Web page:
Child Injury Attorney in St. Louis
Unintentional accidents are the leading cause of childhood fatalities and serious injuries in the United States. More than 12,000 children die, and another 9.2 million are injured in preventable accidents each year. Negligent drivers and caretakers frequently contribute to serious childhood injuries and fatalities on both sides of the river in the St. Louis metro area. However, liable insurers often take advantage of struggling parents and injured children by making lowball settlement offers.
Children have the same right to compensation for negligently inflicted injuries as adults. At the Dixon Injury Firm, our experienced child injury attorneys vehemently represent the rights of kids in St. Louis and the Metro East. We provide dedicated legal protection to families and fight to recover maximum compensation for wrongfully injured children. Discuss the unique child injury laws applicable to your St. Louis claims today by calling (314) 208-2808 or reaching out online to schedule a free and confidential consultation.
Most Common Events Resulting in St. Louis Childhood Injuries
The law defines children—also referred to as infants or minors—as persons under the age of 18 years. Because individuals don’t reach legal adulthood until they turn 18 (or obtain emancipation), special rules apply to lawsuits and insurance disputes involving minor claimants. According to the CDC, the following events account for most preventable childhood injuries and deaths:
Car & Bus Accidents (Occupants)
Car crashes / bus accidents are the leading cause of serious childhood injuries and deaths overall. This includes injuries sustained by teenage drivers and fatal car accidents involving young children. Most of these accidents result from driver negligence, including the driver of the vehicle the child occupied. Negligent caretakers may also fail to follow mandatory and recommend child safety guidelines, including using appropriate car and booster seats. Children might recover damages from multiple auto insurers following St. Louis car crashes.
Pedestrian and Bicycling Traffic Collisions
Children are disproportionately killed and injured in pedestrian accidents involving negligent drivers. Distracted drivers may strike kids crossing the road for school or clip teens riding their bikes to the Saint Louis Galleria. Young kids often assume drivers will yield the right of way to them because they seldom understand the prevalence of driver distraction.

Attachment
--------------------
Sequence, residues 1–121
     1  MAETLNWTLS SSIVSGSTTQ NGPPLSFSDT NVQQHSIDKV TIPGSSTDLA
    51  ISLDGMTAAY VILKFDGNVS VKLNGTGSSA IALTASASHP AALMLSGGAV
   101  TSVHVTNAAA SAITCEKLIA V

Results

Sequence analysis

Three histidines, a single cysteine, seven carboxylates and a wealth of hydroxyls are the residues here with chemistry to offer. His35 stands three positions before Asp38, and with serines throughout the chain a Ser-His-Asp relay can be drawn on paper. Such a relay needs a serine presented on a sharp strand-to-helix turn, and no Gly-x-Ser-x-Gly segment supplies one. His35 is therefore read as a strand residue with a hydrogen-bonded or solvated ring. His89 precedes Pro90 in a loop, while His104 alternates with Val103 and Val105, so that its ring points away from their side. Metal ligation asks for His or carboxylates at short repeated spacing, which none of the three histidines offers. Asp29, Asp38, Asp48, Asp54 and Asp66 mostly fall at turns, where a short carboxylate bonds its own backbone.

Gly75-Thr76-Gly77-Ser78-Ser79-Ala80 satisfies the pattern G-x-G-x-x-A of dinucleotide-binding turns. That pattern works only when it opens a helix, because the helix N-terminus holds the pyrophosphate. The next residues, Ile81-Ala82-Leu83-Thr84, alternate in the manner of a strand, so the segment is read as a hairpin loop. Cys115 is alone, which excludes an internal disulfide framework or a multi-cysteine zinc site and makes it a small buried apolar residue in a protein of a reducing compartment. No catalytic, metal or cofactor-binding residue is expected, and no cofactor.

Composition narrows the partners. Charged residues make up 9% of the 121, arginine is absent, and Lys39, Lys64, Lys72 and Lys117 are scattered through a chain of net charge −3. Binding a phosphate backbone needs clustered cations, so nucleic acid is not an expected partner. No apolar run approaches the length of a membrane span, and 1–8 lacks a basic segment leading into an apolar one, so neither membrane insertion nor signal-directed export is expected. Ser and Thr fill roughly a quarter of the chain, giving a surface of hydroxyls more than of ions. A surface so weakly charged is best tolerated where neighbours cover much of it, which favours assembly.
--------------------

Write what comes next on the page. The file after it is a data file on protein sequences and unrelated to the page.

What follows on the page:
Some children might recover medical or uninsured motorist damages from their parents’ auto insurance policies, as these policies often cover household members involved in auto accidents.
They might future pursue insurance claims against negligent drivers and caretakers.
- Suffocation and Drowning – These are the leading cause of death and acquired brain injuries in infants and children under four. Kids this young require constant supervision, and many preventable suffocation accidents result from parental or caretaker neglect. Special exceptions apply to premises liability principles if young children drown in unprotected pools or water attractions.
- Fires & Burns – Faulty appliances often result in fast-spreading apartment fires. Children may panic and hide in these cases, resulting in smoke inhalation injuries and burns.
- Abuse & Neglect – Child abuse and neglect that occurs in St. Louis, whether domestic violence or sexual abuse, often causes serious physical and emotional injuries. Dedicated child abuse and neglect lawyers might help legal guardians recover financial damages for abused and neglected children. This compensation may cover the cost of needed psychological care and include punitive damage awards.
- Accidental Poisoning – Children over 15 have higher rates of accidental poisonings causing death or brain trauma. These deaths often resulted from prescription drug errors, peer pressure, or caretaker neglect. They can also support products liability claims when companies unlawfully market dangerous products to teenagers.
- Trip and Fall Accidents – Young children may injure themselves on playgrounds due to faulty equipment, negligently designed playsets, and supervisor neglect. Many childhood injuries also occur during recreational sports. Kids cannot generally recover damages for injuries traditionally associated with recreational activities, such as concussions sustained during football matches, but they might demand compensation if overly aggressive conduct or safety equipment failures contributed to the harm.
The law does not generally hold young children responsible for preventable injuries, even if their conduct contributed to the accident. For example, caretakers and not toddlers bear responsibility if the child runs into the street. Children cannot appreciate the dangers associated with certain activities and, as such, might obtain damages for their injuries not otherwise available to adults. For this reason, it’s essential to contact injury attorneys with experience representing minors in St. Louis, MO-IL.
Understanding Children’s Rights to Demand Personal Injury Damages in St. Louis